You probably use similes every day without even thinking about it. It is one of the most common forms of comparison and one of the most simple to use. Fittingly, the word "simile" comes from a Latin word meaning "something similar."

What is a simile?

A simile is a figure of speech in which two essentially unlike things are compared, often in a phrase introduced by "like" or "as."

Because similes typically use "like" or "as," these comparisons are usually more explicit than in a metaphor.

Famous examples of similes

Robert Burns's poem "A Red Red Rose" contains two straightforward similes:

My love is like a red, red rose

That's newly sprung in June:

My love is like the melody

That's sweetly played in tune.

Shakespeare, of course, also made frequent, creative use of similes in his plays and poems, like in the classic lines "How like the winter hath my absence been" and "So are you to my thoughts as food to life."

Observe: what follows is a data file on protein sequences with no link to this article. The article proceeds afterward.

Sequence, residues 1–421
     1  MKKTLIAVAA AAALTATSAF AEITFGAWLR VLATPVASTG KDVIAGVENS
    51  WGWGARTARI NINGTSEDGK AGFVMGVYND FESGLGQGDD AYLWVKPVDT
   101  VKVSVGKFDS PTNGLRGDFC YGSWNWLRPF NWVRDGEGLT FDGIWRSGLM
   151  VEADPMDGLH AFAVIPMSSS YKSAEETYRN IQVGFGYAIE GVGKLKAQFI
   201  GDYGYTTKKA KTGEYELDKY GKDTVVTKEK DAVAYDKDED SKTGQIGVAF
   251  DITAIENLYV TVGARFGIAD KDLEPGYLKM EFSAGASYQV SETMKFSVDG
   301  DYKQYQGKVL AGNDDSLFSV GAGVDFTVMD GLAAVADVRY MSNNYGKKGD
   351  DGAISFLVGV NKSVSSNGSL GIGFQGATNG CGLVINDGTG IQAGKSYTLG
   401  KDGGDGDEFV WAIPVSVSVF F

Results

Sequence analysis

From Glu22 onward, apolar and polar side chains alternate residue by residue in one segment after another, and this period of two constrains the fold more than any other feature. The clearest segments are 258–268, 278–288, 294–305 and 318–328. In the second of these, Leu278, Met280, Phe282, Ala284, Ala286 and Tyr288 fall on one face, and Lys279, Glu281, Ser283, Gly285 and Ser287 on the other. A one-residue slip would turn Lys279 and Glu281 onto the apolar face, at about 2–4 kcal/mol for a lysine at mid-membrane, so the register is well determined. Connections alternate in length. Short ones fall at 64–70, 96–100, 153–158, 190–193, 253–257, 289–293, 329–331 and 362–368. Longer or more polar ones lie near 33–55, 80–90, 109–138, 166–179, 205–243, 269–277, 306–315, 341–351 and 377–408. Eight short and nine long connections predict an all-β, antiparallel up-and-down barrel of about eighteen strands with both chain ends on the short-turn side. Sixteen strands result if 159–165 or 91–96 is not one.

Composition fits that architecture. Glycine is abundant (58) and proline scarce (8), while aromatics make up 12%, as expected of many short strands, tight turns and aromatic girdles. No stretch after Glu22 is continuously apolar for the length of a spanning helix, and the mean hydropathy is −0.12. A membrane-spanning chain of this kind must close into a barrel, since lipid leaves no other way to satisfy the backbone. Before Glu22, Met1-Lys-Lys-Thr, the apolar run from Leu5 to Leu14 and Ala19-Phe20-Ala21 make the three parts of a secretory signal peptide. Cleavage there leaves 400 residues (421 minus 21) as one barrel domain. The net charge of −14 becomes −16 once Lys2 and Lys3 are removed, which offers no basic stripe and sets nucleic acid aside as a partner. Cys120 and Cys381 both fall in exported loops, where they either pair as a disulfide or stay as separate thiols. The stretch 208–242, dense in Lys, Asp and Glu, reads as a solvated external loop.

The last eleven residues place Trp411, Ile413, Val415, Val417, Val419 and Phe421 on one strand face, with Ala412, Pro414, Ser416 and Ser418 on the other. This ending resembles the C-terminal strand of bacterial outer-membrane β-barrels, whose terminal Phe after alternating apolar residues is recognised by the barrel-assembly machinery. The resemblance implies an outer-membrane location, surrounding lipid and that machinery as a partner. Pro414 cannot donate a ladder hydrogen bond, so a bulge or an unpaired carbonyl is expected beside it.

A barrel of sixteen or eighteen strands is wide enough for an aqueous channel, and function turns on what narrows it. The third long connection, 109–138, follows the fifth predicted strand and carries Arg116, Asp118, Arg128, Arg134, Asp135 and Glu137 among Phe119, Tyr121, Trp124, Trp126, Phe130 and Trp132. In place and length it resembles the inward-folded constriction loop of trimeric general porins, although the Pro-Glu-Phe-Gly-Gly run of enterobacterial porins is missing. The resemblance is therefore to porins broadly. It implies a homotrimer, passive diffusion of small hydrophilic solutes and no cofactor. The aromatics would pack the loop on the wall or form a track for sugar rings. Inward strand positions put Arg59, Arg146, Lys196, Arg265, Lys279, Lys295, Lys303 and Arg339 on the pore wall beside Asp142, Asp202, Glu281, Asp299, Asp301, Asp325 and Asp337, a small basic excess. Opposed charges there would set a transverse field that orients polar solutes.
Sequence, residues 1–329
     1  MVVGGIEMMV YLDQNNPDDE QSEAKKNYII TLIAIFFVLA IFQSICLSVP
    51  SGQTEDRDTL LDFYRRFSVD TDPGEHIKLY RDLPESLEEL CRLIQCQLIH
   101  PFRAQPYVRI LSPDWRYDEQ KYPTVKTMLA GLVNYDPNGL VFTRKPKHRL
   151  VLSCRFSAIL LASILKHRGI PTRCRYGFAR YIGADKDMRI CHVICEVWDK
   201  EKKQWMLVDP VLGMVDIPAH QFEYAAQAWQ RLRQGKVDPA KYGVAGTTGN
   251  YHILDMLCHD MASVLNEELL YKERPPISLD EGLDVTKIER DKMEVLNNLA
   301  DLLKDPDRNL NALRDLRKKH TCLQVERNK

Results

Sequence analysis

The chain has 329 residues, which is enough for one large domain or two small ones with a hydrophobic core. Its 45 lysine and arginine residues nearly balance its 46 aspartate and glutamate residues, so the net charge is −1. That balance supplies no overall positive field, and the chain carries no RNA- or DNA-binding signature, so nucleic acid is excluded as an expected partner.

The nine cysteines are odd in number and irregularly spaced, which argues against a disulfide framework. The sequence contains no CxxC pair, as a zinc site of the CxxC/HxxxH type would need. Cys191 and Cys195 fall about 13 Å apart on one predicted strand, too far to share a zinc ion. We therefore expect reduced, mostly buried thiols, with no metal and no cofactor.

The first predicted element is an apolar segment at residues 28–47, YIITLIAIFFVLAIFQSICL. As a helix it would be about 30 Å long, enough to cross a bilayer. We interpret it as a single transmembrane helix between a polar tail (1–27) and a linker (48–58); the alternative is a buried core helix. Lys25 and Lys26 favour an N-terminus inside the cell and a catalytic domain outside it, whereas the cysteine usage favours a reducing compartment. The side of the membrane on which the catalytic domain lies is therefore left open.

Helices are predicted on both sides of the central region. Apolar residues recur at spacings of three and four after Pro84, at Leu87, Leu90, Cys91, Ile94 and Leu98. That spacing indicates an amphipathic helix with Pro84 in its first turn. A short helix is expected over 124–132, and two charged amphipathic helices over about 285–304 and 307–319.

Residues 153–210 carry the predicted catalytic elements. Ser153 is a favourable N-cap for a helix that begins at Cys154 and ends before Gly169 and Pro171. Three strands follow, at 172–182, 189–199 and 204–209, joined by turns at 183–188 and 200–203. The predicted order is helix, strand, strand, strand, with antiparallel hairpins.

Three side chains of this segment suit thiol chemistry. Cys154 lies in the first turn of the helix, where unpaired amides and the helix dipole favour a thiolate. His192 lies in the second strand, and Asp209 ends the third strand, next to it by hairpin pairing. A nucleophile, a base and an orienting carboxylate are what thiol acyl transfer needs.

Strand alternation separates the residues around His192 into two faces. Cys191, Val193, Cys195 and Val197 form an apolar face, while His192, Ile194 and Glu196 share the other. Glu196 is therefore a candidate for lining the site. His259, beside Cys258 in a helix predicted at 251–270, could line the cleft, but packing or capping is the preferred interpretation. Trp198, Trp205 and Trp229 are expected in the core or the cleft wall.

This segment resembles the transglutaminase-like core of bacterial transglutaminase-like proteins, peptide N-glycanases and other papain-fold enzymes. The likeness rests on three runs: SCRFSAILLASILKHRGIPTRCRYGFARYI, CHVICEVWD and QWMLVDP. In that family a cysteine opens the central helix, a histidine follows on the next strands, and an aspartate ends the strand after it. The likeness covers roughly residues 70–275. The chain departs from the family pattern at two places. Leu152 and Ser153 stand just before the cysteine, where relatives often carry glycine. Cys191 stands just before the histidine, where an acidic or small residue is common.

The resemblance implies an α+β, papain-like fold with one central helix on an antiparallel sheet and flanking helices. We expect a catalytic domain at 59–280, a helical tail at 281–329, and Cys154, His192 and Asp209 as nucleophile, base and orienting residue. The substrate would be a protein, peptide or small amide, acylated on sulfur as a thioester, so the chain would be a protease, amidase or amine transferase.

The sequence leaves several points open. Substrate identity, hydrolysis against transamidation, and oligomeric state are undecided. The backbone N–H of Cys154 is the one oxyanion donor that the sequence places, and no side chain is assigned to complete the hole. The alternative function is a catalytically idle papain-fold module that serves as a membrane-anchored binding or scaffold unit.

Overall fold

But similes needn't be so formal or poetic. Think your roommate eats a lot? Just say, "You're like a bottomless pit," and you've created an effective simile.

Some similes have even become clichés:

As clear as crystal

As cool as a cucumber

As dry as a bone

As light as a feather

As quick as lightning

As slippery as an eel

As smooth as silk

As solid as a rock

As strong as an ox

As white as a ghost

Know any more?

Complete English Grammar Rules is available for purchase as Paperback and Kindle eBook.
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